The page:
Philippine military blames ex-separatist rebels for deadly southern ambush

BenarNews staff
Zamboanga, Philippines
Philippine military blames ex-separatist rebels for deadly southern ambush Moro Islamic Liberation Front (MILF) troops stand along a road ahead of last year’s presidential elections, in Camp Darapanan in Sultan Kudarat, Maguindanao, Philippines, April 23, 2022.
[Ferdinandh Cabrera/AFP]

The Philippine military on Monday accused members of the Moro Islamic Liberation Front, a former guerrilla group, of killing a soldier and a policeman during an attack in the south that left seven government troops wounded. 

In Sunday’s incident in Ungkaya Pukan, a remote town in the island province of Basilan, officials said that 10 gunmen ambushed a security convoy guarding a Joint Peace and Security Team. The team is tasked with overseeing the decommissioning and disarming of former MILF combatants as agreed in a 2014 peace agreement with Manila. 

The team members were riding in two vehicles after inspecting the area – a former MILF stronghold – when they were attacked, said Maj. Andrew Linao, a regional military spokesman.

“Our troops fought back, resulting in a firefight which lasted for five minutes,” Linao said. 

He said the soldier died on the spot, while the policeman died later while being treated for his injuries. The seven other wounded soldiers were recuperating at a military hospital in Zamboanga City.

“This act is a clear manifestation of the perpetrators’ disrespect to their local government officials, the military, and their fellow Basileños, hence, we will not stop until these heartless individuals are identified and neutralized,” Linao said.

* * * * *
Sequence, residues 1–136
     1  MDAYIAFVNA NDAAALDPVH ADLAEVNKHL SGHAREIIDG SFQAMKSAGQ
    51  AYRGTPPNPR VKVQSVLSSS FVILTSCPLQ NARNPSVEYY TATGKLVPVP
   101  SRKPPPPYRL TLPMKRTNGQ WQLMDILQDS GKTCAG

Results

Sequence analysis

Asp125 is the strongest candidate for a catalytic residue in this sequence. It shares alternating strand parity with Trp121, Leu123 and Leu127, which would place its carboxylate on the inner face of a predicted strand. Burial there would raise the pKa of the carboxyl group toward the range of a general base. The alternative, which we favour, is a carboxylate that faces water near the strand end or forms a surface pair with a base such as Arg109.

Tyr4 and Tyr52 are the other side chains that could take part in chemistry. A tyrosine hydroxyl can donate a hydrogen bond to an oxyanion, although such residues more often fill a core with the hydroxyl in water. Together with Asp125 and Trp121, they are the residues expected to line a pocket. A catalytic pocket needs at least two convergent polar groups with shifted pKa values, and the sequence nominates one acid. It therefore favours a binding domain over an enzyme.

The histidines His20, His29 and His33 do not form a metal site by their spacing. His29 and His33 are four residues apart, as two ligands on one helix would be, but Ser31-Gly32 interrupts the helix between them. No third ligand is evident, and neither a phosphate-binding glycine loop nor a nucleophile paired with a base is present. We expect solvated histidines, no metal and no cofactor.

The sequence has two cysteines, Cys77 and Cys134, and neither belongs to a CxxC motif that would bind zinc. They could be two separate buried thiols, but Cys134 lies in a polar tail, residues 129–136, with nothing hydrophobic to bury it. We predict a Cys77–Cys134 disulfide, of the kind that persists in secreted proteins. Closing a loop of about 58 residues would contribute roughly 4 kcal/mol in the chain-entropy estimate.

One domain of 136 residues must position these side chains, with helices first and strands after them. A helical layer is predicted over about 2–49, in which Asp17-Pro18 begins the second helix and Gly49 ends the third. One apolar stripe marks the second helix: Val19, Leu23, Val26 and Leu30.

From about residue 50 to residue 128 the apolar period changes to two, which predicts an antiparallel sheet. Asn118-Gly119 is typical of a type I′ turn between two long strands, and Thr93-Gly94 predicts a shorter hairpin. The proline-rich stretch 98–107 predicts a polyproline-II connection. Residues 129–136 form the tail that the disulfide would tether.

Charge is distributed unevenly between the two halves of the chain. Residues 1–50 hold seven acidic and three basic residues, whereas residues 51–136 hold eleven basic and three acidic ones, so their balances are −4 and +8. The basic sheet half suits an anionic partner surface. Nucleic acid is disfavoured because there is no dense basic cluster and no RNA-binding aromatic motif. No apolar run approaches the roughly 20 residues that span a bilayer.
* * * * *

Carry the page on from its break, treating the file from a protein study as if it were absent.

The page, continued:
BenarNews contacted local MILF authorities but did not immediately hear back.

Brig. Gen. Alvin Luzon, commander of 101st Brigade and Joint Task Force Basilan (JTFB), said the MILF leadership “appears to have no control over its members,” although he added that they had denied their members were involved in the ambush.

“Right now, the pressure is on the MILF side to show their sincerity,” Luzon told reporters.

The former separatist group’s leadership said they had no control over people not identified as their members, according to Luzon.

“But the MILF leadership promised to look and identify those perpetrators,” Luzon said.

He said pursuit operations were continuing on Monday against the suspects. 

The 12,000-strong MILF was once the country’s largest insurgent force until it dropped its bid for independence and settled for expanded autonomy under the 2014 peace deal. 

The separatists then became caretakers of a Muslim region although they agreed to turn over their weapons, while some of the ex-guerrillas were absorbed into the local police force.

In November, around 100 suspected MILF members attacked a military outpost in the same village as the weekend ambush, according to the military. Officials did not immediately say if the two incidents were related.

Roel Pareño in Zamboanga City, southern Philippines, contributed to this report.


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